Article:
HSV (and Okhsv) more closely match my painterly intuition.

HSV and not HSL for that mental model? That's surprising to me—I thought the tint/shade system would lead to wanting to put max-chroma in the middle.

Oh that really helped me understand this whole thing.

My personal complaint with color pickers is that they make it hard to find many normal environmental colors. Where is brown? I've learned to find it around red, a little toward orange, and a dark saturation. It's not intuitive, and I don't feel like I just pick _some_ brown because I can't easily explore the space of browns through beige and tan. Flesh tones are similarly difficult.

I'm not sure what the solution is. A purely algorithmic color picker probably isn't the answer because it's not just our color perception that matters, but also the way colors are formed in our environment (which is what gives us so many browns).

Brown is weird [1]. It's basically dark orange. Flesh tones fall into that same category - people are orange-hued [2]. Oranges/reds are mostly produced by various unsaturated molecules, such as carotenes, lignins, phenols, and tars, and browns are just dark collections of many kinds red-orange pigments. It does not map well to any of the common color spaces because its inherently heterogeneous.

The solution would probably be pallettes that let you pick arbitrary axes to move through color space.

1 - https://youtu.be/wh4aWZRtTwU

2 - According to Neil Harbisson, the guy with the color-sensing antenna, in-person conversation, but you can also verify with photoshop.

I don’t understand that video. Can’t all colours be described differentially to another colour? And don’t we have lots of names for different shades? Why does this make brown unusual?

I think what makes brown unique in this regard is its ubiquity in nature, partial desaturation, and lack of obvious mapping to a saturated color.

Emergence of names of colors in languages usually goes black, white, red, yellow, grue, then blue forks from blue, brown, orange, then "specialty" colors like pink, purple, indigo, teal. It's the only partially saturated shade that gets a name before its saturated variant (orange). Being able to name things brown is more important than orange, so that mental link is weaker. Hence why we have "dark blue" but brown is not "dark orange." (though I think some languages call it "dark red"? I'm a bit hazy on that detail)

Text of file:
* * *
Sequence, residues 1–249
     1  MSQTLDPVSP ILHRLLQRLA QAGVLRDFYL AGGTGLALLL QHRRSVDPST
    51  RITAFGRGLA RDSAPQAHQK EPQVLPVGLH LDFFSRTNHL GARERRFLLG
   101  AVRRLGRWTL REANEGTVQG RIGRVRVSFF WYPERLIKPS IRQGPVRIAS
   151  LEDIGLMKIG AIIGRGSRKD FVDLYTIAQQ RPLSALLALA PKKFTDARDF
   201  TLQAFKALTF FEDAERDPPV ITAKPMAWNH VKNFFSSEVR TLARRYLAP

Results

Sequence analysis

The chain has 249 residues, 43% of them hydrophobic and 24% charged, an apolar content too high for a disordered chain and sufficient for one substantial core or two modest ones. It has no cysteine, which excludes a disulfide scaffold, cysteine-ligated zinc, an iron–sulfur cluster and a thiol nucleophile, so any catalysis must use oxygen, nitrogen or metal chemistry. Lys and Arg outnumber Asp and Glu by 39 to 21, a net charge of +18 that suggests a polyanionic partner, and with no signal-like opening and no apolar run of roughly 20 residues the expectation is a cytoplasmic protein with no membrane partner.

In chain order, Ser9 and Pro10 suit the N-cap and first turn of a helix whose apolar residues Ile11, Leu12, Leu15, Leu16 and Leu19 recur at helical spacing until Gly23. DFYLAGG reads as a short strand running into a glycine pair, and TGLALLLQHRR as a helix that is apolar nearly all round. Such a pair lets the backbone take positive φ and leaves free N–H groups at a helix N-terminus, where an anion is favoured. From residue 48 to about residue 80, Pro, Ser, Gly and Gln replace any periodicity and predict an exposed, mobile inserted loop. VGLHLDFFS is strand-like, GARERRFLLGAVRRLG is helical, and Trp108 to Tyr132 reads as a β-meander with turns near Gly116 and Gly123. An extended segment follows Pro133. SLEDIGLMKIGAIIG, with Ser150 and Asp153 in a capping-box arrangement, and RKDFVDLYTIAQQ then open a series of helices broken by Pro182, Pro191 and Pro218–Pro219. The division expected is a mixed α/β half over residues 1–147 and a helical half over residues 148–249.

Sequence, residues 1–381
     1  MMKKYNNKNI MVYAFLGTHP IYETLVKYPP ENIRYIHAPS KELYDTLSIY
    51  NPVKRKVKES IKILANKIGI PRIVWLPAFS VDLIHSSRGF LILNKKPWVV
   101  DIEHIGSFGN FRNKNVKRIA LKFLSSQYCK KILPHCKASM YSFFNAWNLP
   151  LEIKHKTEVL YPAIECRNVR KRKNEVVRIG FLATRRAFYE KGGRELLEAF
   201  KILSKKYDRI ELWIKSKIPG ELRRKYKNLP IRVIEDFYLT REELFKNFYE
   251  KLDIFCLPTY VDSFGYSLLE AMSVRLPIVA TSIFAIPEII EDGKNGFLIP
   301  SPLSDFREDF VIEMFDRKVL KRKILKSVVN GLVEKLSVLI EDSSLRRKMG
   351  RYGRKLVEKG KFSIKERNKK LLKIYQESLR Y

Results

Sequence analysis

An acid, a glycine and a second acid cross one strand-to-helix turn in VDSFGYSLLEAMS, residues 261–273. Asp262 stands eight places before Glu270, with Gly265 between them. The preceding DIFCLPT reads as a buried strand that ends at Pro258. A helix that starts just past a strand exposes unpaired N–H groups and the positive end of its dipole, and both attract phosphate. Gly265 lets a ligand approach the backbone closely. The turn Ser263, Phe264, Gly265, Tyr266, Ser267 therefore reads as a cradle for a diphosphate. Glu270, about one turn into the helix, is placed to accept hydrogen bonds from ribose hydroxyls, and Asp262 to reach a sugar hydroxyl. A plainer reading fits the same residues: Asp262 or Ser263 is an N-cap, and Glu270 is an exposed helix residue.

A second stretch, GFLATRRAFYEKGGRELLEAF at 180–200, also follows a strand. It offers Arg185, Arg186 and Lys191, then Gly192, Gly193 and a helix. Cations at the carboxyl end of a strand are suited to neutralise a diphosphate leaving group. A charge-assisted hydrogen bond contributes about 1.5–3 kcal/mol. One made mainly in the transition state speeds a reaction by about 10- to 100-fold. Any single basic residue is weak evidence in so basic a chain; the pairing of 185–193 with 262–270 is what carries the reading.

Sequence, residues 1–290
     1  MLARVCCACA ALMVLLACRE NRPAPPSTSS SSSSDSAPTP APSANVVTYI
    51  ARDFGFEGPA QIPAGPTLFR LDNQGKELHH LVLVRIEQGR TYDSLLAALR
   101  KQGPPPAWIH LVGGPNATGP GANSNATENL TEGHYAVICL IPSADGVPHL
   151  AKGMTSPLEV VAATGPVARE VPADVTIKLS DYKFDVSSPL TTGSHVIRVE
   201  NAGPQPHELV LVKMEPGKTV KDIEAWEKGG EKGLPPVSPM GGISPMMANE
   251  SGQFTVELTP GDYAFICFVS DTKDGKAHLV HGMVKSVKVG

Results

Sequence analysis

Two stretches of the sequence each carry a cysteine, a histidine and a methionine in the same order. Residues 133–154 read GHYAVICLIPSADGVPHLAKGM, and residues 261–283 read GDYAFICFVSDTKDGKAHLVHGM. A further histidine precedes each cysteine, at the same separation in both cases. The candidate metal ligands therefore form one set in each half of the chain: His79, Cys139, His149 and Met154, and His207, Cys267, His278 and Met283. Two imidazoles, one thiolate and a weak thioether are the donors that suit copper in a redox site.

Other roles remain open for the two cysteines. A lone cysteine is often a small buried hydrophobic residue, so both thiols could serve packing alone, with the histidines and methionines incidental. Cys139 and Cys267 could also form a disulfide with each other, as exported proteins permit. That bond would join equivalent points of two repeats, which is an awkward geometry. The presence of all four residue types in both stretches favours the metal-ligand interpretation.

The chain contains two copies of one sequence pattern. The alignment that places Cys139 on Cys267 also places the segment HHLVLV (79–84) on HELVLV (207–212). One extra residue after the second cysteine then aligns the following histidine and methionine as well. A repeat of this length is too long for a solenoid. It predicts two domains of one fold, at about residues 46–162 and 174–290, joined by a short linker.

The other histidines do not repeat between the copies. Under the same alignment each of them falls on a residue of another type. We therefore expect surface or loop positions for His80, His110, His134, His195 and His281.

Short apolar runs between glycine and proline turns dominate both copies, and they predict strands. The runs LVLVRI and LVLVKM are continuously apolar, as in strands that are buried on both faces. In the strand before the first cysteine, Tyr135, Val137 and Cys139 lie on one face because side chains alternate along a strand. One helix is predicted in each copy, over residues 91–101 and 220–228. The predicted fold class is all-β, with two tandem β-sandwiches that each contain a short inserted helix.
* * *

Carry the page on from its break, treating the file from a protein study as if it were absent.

> lack of obvious mapping to a saturated color

30 degrees hue, 50% value, 100% saturated, looks exactly brown to me?

> brown is not "dark orange."

I think it is. In fact, take my 30 degrees hue, 50% value, 100% saturated, then gradually increase the value and see where you get to!

I don't think the other commenter is disagreeing with you on those things -- they're talking about human perceptions, and saying that although brown is in fact dark orange, that's not how we name it or how we tend to see it.

Just out of curiosity, what if you go to a significantly darker brown, say 30/100/20 h/s/v. Unfortunately these subjective tests will vary from monitor to monitor, but assuming that's still clearly brown rather than black to you (to me it's a more archetypal brown than the brighter version you initially named, which I might call orange-brown) -- what do you perceive when you keep the saturation and value fixed, and vary the hue? Would you agree that many or most of the other hues give you a colour more obviously 'dark X', where X is the 100%-value counterpart, than hue 30 does? For me it's much more obvious at the green-blue-purple segment of the spectrum than the red-orange-yellow segment.

This isn't meant as a trick question or anything -- if I'm getting at anything specific, it's that maybe part of the reason the orange-brown link seems more obvious to you than to me is that when you think of a central example of brown, you think of something brighter (and thus more obviously orange) than I do.

> Would you agree that many or most of the other hues give you a colour more obviously 'dark X'

Hmm not really. But we're not going to resolve what seems like a subjective question!

Oh don't worry, I wasn't planning on trying to argue the point! Just genuinely curious about the extent to which our difference is perceptual/conceptual/other. If we disagree on the 'dark X' thing, it makes me think there's a real perceptual difference and/or a pretty deep conceptual one (in terms of how we divide up the colour spectrum), though of course it doesn't prove anything.

In English, pink and brown are very specific colors which the brains of native speakers might not associate with their true hue values.

That's why the original commenter was having difficulty finding brown, because we do not necessarily associate it with a dark orange or flesh color with de-saturated red or orange.

But if we were trying to paint something like dark teal water. The brain would immediately go straight to blues/greens.